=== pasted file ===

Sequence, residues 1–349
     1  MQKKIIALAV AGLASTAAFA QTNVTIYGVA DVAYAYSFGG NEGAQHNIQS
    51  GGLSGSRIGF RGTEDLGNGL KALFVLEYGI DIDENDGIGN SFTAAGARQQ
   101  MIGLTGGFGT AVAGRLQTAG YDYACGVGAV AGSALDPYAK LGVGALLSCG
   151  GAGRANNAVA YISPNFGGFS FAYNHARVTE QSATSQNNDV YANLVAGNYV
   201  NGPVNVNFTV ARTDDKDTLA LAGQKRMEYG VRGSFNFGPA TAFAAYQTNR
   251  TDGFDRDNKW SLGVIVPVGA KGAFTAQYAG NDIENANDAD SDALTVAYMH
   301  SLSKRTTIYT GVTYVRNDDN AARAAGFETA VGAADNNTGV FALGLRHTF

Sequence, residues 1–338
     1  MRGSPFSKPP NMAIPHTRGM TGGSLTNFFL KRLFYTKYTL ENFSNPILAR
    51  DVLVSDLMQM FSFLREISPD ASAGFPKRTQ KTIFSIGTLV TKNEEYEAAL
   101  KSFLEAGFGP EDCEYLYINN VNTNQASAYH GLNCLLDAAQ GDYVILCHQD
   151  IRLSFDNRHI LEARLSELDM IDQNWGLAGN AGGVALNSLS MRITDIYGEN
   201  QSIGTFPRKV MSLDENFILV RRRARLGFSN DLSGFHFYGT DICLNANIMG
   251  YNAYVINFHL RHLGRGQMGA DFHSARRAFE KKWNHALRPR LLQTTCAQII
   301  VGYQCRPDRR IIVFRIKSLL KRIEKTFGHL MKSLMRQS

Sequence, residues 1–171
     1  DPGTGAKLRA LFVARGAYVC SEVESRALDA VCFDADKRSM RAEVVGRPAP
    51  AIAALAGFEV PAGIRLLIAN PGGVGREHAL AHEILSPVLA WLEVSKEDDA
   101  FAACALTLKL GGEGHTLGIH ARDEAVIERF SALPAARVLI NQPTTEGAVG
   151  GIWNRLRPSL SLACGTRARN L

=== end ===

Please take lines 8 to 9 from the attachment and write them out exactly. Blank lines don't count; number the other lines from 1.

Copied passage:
   301  SLSKRTTIYT GVTYVRNDDN AARAAGFETA VGAADNNTGV FALGLRHTF

Sequence, residues 1–338